When you visit Kosovo, you will find a land that is still recovering from war. It is licking its wounds and rebuilding, but the struggle is still there. There is little to see of KFOR these days. I myself saw a KFOR jeep a grand total of four times (and three of those times it was the same one) in Prizren, and I never saw any sign of them in Prishtinë. If you go elsewhere, you are likely to find more, but the point is that the signs of the war are not in the guns of the KFOR soldiers. The signs of the war are not even in the damage suffered in smaller towns of central Kosovo that can still be seen today. The signs of the war are in the missing eyes of Christ and his apostles, in the ashes of a burned Qur’an, in the scratched out letters of a road sign and in the razor wire that decorates a house of God. These signs relate not to the last war, the war of little more than a decade ago. These signs are deeper because they represent the aftermath of a war fought over six hundred years ago-a war that it still being fought today in the hearts and minds of every citizen of Kosovo, whether Serb, Albanian or otherwise.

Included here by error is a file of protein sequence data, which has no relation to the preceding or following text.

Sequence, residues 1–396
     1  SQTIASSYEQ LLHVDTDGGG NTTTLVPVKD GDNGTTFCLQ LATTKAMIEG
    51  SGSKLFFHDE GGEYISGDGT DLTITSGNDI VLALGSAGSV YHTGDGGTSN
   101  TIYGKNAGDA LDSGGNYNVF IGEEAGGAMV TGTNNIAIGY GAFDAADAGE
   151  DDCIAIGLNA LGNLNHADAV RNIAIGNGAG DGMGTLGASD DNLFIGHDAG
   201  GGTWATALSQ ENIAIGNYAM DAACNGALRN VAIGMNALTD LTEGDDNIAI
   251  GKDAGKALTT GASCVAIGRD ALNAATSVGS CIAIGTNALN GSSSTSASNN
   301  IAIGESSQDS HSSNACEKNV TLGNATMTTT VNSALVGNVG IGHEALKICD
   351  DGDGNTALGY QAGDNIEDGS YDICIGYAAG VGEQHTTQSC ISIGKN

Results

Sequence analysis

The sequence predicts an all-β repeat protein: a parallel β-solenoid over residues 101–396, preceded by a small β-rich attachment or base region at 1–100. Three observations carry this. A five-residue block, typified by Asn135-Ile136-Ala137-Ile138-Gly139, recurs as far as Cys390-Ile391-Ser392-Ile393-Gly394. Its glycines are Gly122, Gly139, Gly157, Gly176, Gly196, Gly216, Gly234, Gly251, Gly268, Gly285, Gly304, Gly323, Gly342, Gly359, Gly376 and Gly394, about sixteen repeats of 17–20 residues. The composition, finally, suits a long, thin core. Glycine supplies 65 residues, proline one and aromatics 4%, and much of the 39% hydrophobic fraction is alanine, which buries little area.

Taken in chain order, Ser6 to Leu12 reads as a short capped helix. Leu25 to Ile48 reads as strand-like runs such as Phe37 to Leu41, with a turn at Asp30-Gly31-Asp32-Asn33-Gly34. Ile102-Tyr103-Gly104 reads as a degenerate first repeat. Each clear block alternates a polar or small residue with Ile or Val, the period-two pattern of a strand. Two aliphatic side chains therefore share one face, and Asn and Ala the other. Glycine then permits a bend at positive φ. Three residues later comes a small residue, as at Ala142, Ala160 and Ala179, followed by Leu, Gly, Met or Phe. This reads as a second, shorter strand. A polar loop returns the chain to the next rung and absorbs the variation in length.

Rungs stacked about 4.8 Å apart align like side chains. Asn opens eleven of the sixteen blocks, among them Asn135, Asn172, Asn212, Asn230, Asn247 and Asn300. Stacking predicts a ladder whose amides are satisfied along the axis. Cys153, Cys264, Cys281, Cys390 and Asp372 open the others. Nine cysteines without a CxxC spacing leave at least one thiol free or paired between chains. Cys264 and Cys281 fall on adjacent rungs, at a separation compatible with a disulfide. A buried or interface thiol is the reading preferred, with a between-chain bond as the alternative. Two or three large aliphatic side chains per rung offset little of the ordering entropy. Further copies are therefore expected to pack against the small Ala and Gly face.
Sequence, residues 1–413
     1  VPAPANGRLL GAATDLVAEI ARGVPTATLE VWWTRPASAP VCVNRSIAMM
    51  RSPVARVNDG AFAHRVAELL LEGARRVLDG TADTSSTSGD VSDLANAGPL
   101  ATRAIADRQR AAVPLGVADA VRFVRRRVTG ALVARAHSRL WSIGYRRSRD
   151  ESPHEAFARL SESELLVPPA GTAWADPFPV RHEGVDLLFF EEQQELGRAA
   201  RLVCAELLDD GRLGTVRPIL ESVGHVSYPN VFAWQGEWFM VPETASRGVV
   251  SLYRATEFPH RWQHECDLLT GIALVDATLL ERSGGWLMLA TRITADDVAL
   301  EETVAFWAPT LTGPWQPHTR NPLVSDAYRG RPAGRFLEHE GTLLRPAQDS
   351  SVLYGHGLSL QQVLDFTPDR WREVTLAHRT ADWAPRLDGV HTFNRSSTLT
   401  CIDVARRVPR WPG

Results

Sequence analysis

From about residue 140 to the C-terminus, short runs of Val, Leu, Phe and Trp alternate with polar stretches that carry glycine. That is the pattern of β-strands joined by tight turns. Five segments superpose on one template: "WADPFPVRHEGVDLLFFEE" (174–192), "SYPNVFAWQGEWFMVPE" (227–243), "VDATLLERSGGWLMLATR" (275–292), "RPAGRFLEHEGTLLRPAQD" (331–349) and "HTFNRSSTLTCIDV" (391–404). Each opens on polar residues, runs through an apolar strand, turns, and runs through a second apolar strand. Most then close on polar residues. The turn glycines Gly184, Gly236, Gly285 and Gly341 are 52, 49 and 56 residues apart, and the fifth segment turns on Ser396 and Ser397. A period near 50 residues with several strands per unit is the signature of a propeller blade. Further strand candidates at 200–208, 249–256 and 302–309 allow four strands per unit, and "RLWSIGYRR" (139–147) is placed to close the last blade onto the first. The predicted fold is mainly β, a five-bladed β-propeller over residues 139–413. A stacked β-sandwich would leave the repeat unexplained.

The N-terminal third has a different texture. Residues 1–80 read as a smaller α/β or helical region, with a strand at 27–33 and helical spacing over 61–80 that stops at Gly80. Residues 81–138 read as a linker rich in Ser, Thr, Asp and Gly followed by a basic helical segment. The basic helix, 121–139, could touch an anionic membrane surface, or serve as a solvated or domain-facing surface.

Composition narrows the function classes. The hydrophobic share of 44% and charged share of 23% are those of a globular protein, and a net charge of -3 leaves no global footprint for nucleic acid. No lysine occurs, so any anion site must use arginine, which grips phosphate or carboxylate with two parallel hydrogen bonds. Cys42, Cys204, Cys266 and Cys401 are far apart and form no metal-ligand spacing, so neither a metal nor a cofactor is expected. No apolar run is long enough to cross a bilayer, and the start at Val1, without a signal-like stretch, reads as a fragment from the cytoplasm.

This war, long over for those who died but never forgotten by those who survived, is fought today not with bullets or with bombs, but with fear. It is the fear of what neighbours can do to one another and the fear of what children might see visited upon their fathers and mothers. It is the fear that, after six hundred years, nothing has changed. That holy war of 1389 rages on, and it is fear that fuels it. Sadly, fear is the most crippling enemy of all and the hardest to fight because it lives inside of us and tells us not that we’re weak or that we’re doomed, but that we’re right and that we’re entitled. That kind of fear has the power to push people beyond their human limits and convince them to do things that they would never do for any reward they could be offered. It is unquenchable, and yet it can only live on itself. It is therefore always seeking new victims to carry it through across the years and generations so that it can corrupt and destroy again and again. It is such fear that has done just this to both sides, and it is the fear that will have to be conquered before Kosovo will ever have lasting peace.